ClientMessage(StarLocations[b].ToString());
}

For AActor*

I am including very rigorous pointer safety and AActor validity checks,

because you dont want your whole game to crash to desktop, ever :)

//defined in the .h : TArray<AFlower*> Flowers;

//Print out each flower's UE4 Name

AFlower* CurFlower = NULL;
for(int32 b = 0; b < Flowers.Num(); b++)
{
	CurFlower = Flowers[b];
	if(!CurFlower) continue;
	if(!CurFlower->IsValidLowLevel()) continue;
	//~~~~~~~~~~~~~~~~~~~~~~
		
	ClientMessage(CurFlower->GetName());
}

Using Iterator

Posted originally by Solid Snake, thanks Solid Snake!

for (auto Iter(TArray.CreateIterator()); Iter; Iter++)
{
  // *Iter to access what this iterator is pointing to.
}

Iterator AActor* Example

//defined in the .h : TArray<AFlower*> Flowers;

//Print out each flower's UE4 Name
for (auto Itr(Flowers.CreateIterator()); Itr; Itr++)
{
	if(!(*Itr)->IsValidLowLevel()) continue;
	//~~~~~~~~~~~~~~~~~~~~~~
		
	ClientMessage((*Itr)->GetName());
}

Abbreviated C++11 Syntax

This one is great when you don't need to know the index as you are iterating! Rama (talk)

this:

for(int32 b = 0; b < StarLocations.Num(); b++)
{
   ClientMessage(StarLocations[b].ToString());
}

becomes this:

for(const FVector&amp; EachLocation : StarLocations)
{
   ClientMessage(EachLocation.ToString());
}

If you want to change the value in the loop, and not just read it, then remove the const :)

Index Safety Check To Prevent Crashes

.IsValidIndex()

//defined in .h
//TArray<float> RandomPercentValues;

//Pick a random Percent Value!
float AMyPlayerController::GetRandomPercenttValue() const
{
	//Negative array indicies are always invalid 
	//		and will always cause a crash if you try to use one.

	//Use IsValidIndex to verify the index is in range 
	//		***before*** you try to access the array!

	const int32 RandomIndex = FMath::RandRange(-50,10000); 
	
	//Safety Check
	if( ! RandomPercentValues.IsValidIndex(RandomIndex)) return -1;
	//~~~~~~~~~~~~~~~~~~~~~~~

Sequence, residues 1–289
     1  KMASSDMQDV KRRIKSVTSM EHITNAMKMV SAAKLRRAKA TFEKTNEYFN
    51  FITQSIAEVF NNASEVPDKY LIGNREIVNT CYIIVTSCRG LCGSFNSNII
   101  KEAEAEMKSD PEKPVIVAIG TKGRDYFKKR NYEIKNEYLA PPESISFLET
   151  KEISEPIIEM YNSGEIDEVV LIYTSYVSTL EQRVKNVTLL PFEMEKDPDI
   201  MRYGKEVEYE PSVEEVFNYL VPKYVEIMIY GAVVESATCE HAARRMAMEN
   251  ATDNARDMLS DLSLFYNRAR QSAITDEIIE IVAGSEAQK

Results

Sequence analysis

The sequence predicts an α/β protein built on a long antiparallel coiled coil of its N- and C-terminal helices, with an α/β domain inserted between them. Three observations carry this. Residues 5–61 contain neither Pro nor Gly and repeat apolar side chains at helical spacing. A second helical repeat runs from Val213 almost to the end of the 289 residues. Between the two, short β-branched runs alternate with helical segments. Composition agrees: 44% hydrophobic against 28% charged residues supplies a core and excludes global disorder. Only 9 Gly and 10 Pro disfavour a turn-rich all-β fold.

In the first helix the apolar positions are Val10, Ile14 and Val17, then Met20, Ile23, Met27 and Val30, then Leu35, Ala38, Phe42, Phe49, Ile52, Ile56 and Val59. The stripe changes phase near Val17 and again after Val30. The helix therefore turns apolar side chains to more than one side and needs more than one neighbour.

return RandomPercentValues[RandomIndex];
}

Awesome Functions

.Empty()

Empty array of all current contents

//It's nighttime, no more hopping;
FrogsThatAreHopping.Empty();

.Append()

Add the entire contents of one array to the end of another!

TArray<FVector> StarLocations;
TArray<FVector> CloudLocations;
TArray<FVector> StarAndCloudLocations;

StarLocations.Add(0,0,200000);
CloudLocations.Add(50,25,11000);
CloudLocations.Add(50,25,22200);

StarAndCloudLocations.Append(StarLocations);
StarAndCloudLocations.Append(CloudLocations);

//Print out all Locations
for(int32 b; b < StarAndCloudLocations.Num(); b++)
{
	ClientMessage(StarAndCloudLocations[b].ToString());
}

Min/Max of Array (4.3 and higher)

I offered two Math Library functions to Epic which are now part of the Engine in 4.3, allowing you to get the Min/Max of a Dynamic Array of any datatype for which the operator< is defined!

Full details here:

Min Max of Array

Multi Dimensional Arrays

To make a 2 or higher dimensional array,

wrap the array in a UStruct, and then make an Array of the UStructs

.H

USTRUCT()
struct FFlowerField
{
	GENERATED_USTRUCT_BODY()

	UPROPERTY()
	TArray<FFlowerStruct> Flowers;
	
	FFlowerField()
	{
	}
};

//All Flower Fields on The Island
TArray<FFlowerField> FlowerFields;

.CPP

Then to Access a single Flower

//Is there at least 1 Flower Field?
if(FlowerFields.Num() > 0)
{
  //Does the first field have at least 3 flowers? (could use .Num() too)
  if(FlowerFields[0].Flowers.IsValidIndex(2))
  {
     //Number of petals on the 3rd flower in 1st field
     ClientMessage(FString::FromInt(FlowerFields[0].Flowers[2].NumPetals));
  }
}

Full 2D Array Code Sample

I have two extensive code samples for how to make 2D arrays that are BP-friendly and can be replicated!

My Fully Coded 2D Array Example

Replicating BP-Friendly 2D Array

[Epic Docs] TArray Optimization Techniques

Epic has posted an awesome article on ways you can optimize your use of TArray!

TArray Optimizations for Performance

Summary

I hope you have enjoyed my description of UE4 C++ Dynamic Arrays!

Enjoy!

Rama (talk)